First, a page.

If you’re looking for a reason (or few) to teach English in China, it has the potential to be a very long list. We know choosing a country to teach English abroad in can be a difficult decision—and there are so many factors to consider! But here are just a few reasons why you won’t regret teaching English in China: Continue reading
You cannot measure the benefits of living, traveling, and teaching English abroad in dollars, euros, cents, or yen. However, there are some countries where teachers abroad are able to walk away from a year or more of teaching with at least a healthy savings account to show for it. If you do your due diligence and select good schools to work for in China, you can save over $10,000 while teaching English in China for one year. Below are 7 actionable tips to help you in save more money while teaching English in China. Continue reading
You may have heard the phrase “gap year abroad” quite a bit over the last few years. While gap years have long been the norm in countries like Australia and the U.K., the truth is, Americans are starting to take gap years in increasing numbers. Harvard University alone has reported a 33% increase in the number of students taking gap years, including President Obama’s daughter, Malia, according to Business Insider on the benefits of gap years. Continue reading
If teaching English abroad has recently crossed your radar as a likely opportunity, then you’re probably already asking yourself the hardest questions of all — where? Will you head to Latin America? Asia? The Middle East or maybe Europe? No matter which corner of the world interests you most, each has an experience of a lifetime awaiting you. As the demand for Native English speakers continues to climb, more countries are entering the scene and each year different countries make our list for the best places to teach English abroad. Here are our top 10 picks for the best places to teach English abroad in 2018. Continue reading
Let’s say you’ve been wanting to teach English abroad and China intrigues you, but you’re not sure how big or long of a commitment you’d like to make. China can be an intimidating place! The beauty of becoming a part of our Language Exchange Program in China is that your commitment is up to you—two months? Three months? Four, five, or six? Whatever you choose, it’s the perfect way to get your feet wet in an exciting, strange, and fascinating culture! Continue reading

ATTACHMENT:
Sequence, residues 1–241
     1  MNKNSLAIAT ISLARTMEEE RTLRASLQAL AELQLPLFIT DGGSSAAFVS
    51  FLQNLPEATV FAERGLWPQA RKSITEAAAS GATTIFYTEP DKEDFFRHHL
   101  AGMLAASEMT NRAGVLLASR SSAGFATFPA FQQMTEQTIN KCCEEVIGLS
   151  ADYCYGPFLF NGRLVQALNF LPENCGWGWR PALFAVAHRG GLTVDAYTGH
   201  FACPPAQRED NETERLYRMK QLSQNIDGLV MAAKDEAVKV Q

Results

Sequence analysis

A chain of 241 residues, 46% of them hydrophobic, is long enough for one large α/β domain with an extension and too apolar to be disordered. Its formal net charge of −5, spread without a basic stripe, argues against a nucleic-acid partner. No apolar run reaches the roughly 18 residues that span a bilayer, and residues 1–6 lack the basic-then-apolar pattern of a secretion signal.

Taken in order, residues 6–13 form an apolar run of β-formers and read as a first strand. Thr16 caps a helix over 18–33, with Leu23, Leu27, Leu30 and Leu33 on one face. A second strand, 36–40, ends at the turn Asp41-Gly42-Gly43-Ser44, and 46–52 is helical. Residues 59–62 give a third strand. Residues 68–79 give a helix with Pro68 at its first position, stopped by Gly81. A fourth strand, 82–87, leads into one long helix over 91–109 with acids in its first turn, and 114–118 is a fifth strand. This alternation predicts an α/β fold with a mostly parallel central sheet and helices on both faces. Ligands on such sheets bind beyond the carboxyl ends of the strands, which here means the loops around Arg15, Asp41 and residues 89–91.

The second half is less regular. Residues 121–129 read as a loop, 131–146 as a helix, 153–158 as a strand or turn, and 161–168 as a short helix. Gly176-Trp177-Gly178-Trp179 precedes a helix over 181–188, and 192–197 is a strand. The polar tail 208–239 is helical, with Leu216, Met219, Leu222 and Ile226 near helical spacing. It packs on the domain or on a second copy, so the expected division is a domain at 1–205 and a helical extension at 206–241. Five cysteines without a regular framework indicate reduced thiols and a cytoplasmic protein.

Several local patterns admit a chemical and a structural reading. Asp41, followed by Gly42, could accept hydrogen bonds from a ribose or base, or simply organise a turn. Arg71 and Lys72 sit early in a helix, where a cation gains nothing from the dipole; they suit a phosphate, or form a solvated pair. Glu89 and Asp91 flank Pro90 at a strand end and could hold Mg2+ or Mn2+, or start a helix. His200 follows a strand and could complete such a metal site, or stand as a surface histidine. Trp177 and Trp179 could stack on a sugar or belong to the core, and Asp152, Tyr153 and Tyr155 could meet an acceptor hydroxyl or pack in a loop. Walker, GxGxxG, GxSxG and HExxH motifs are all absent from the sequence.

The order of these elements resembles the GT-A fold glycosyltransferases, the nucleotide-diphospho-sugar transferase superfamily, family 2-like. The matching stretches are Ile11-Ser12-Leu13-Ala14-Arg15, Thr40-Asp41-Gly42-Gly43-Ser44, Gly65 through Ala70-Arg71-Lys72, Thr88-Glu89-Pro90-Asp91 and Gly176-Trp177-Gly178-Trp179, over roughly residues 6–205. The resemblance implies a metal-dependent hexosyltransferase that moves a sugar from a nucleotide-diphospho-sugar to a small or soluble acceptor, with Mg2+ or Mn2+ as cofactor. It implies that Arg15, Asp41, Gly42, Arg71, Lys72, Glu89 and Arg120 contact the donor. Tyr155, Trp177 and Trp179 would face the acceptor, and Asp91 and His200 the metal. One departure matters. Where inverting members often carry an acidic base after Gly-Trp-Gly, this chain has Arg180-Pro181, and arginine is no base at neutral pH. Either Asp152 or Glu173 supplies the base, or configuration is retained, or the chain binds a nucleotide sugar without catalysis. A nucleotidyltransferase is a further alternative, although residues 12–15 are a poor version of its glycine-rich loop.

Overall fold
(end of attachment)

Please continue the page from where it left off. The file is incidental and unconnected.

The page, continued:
I’ve been in the Teach English Abroad industry for a while now, and I frequently talk to people who do not know that it’s a possibility for them. The idea of living and working in a foreign country to many sounds, well…foreign. They think it’s just for the movies or the rich, but the reality is that people from all walks of life have found a meaningful travel and work experience through teaching English abroad. Continue reading
Have you ever wanted to try traditional Chinese food?
Or, maybe you are looking to visit a few historic places, such as the Great Wall of China…
Well, then China should be on your bucket list!
But, aside from the tourist attractions and good food, China also offers an abundance of career opportunities — specifically in teaching English. Continue reading
No matter which country you teach English abroad in, or which time zone you visit, or the varied types of students you have, a teacher’s week can go in only one direction…
Here is a typical day in the life of an English teacher abroad: Continue reading
When I boarded my first plane bound for China, I hadn’t given much though to where I was going. My decision to take a job teaching English in China was one based on the sole fact that I’d recently returned to Oregon, USA from eight months of traveling around Southeast Asia and teaching English in Thailand, and that I wasn’t ready to be back home. I felt like I’d left Asia prematurely and I desperately wanted to go back. In the midst of my rash decision making, I stumbled across a position in China and thought, I might as well try somewhere new! Within a month I was on a that plane. Continue reading
Since the beginning of teachers in classes, there have been certain types of students. As reliably as the sun will rise, you will have kids in your class that are always running late, or “forgetting” homework, or doing who-knows-what as soon as your back is turned. Here is a list of some of the more common ones, and how to do your best to make sure you’re classroom stays in order. Continue reading